Report on cultural ownership by young people in Francophone minority schools
identifies gaps

OTTAWA, May 6 /CNW Telbec/ - A report prepared by the Canadian Teachers' Federation (CTF) entitled L'appropriation culturelle des jeunes à l'école secondaire francophone en milieu minoritaire (http://www.ctf-fce.ca/resources/francaise/Default.aspx?ID=625890) shows that much remains to be done to help young people build their culture during their years at school. The CTF report presents the findings of a series of interviews and a national survey of young people attending French-language minority schools across Canada. The issue of cultural ownership by these young people was central to the analysis of the survey data.

A total of 1,334 Grade 10 students across Canada answered the CTF online survey questions. Here are the main findings:

    
    -   More than 80% of the students who responded considered French to be
        their first language. Of these, 65% reported French as their only
        first language and 15.3% reported a combination of English and French
        as their first language;

    -   62.5% of the young people felt that they tended to speak in French
        more with their grandparents, 52% with their mother, 50.4% with their
        father and 39.2% with their sisters and brothers;

    -   They tended to listen to much more English music in their
        extracurricular activities than French music: 13.2% listened
        regularly to French music, whereas 44.5% listened to English music;

    -   45.63% of the respondents did not engage in other activities in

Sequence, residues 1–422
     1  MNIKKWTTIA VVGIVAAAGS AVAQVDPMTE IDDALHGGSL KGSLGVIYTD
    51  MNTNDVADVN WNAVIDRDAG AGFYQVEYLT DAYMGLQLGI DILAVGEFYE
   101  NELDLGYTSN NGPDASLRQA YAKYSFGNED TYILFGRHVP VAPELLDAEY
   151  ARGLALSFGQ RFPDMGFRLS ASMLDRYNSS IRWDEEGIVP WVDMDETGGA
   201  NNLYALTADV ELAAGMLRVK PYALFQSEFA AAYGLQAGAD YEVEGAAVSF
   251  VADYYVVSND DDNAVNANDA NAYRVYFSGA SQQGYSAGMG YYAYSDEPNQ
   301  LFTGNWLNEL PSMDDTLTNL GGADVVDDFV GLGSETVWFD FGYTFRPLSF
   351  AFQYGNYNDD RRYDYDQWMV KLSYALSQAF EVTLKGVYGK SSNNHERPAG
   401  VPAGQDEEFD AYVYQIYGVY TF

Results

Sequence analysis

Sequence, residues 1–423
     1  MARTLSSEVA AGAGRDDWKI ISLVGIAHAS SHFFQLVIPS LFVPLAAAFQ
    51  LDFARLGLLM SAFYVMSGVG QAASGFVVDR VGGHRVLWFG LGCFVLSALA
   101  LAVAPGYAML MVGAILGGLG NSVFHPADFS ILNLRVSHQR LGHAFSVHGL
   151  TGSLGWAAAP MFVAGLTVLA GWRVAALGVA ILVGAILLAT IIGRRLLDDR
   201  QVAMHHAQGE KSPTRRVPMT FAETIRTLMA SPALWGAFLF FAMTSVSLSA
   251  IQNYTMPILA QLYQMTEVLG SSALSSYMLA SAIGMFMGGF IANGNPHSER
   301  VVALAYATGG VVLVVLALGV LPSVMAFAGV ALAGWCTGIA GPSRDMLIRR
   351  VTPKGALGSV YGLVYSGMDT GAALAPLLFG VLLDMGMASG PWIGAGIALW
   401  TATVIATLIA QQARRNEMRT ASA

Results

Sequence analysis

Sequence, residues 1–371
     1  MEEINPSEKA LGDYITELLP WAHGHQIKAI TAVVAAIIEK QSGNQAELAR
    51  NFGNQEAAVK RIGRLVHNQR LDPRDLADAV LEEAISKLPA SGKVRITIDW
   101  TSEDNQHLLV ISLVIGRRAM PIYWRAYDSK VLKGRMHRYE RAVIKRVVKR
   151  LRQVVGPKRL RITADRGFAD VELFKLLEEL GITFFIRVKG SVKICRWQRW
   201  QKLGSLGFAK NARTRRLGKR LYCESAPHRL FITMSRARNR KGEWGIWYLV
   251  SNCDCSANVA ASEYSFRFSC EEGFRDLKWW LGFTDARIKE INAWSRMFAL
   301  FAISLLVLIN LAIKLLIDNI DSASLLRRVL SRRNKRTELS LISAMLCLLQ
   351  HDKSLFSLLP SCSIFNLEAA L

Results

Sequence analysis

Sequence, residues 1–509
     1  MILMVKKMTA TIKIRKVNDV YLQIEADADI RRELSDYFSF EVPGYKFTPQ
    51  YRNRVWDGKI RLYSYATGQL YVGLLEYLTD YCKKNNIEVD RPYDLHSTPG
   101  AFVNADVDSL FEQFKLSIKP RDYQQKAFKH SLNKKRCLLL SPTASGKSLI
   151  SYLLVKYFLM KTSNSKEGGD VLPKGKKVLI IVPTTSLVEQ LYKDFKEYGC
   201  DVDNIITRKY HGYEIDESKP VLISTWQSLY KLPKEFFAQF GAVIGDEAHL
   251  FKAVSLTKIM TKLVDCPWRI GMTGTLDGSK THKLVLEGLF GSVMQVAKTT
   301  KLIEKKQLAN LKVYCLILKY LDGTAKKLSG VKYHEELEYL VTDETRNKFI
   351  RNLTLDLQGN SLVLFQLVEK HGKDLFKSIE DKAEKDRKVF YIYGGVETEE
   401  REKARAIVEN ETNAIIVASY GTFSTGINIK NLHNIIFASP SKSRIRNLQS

French outside of school;

    -   The young respondents felt that their teachers showed more awareness
        of and put a higher value on language and culture than their parents.
        For example, 61.2% of the respondents said that their teachers
        promoted French culture (i.e. music, traditions, contemporary
        creative works) compared to 24.9%, who said that their parents
        performed this role;

    -   Although school was perceived positively by 47.44% of the young
        respondents as an important place for the acquisition or maintenance
        of the language, they never described the school as a Francophone
        cultural setting.
    

According to Benoit Mercier, Chair of CTF's Advisory Committee on French as a First Language, "It is alarming to see that students are so little aware of the cultural mission of French-language schools. Many efforts have attempted to make this mission clear to them, but we undoubtedly need to review our strategies. That is why we took the liberty of making certain recommendations to that effect in this report."

The recommendations in the report refer to various aspects of the school curriculum and address the issue of training teachers and those in charge of cultural activities. The report also suggests that more in-depth research should explore the linguistic behaviour of students, the support to extracurricular activities and the impact of the media environment.

According to CTF President Mary-Lou Donnelly, "The very mission of French-language schools depends on the effectiveness of the partnerships with parents and the Francophone community. The research has identified the specific gaps we need to address over the coming years. With the support of our partners, we would like to use this new information to continue to guide our support to teachers."

Founded in 1920, CTF (www.ctf-fce.ca) is a national alliance of provincial and territorial teacher organizations (http://www.ctf-fce.ca/MembersLink/Default.aspx?cats=MO) that represent nearly 200,000 elementary and secondary school teachers across Canada. CTF is also a member of the international body of teachers, Education International (www.ei-ie.org).

SOURCE Canadian Teachers' Federation

For further information: For further information: CTF spokesperson: Mary-Lou Donnelly, CTF President; Information: Ronald Boudreau, CTF Director of Services to Francophones, (613) 688-4308; Contact: Francine Filion, Director of Communications, (613) 688-4314, or (613) 899-4247 (cell)


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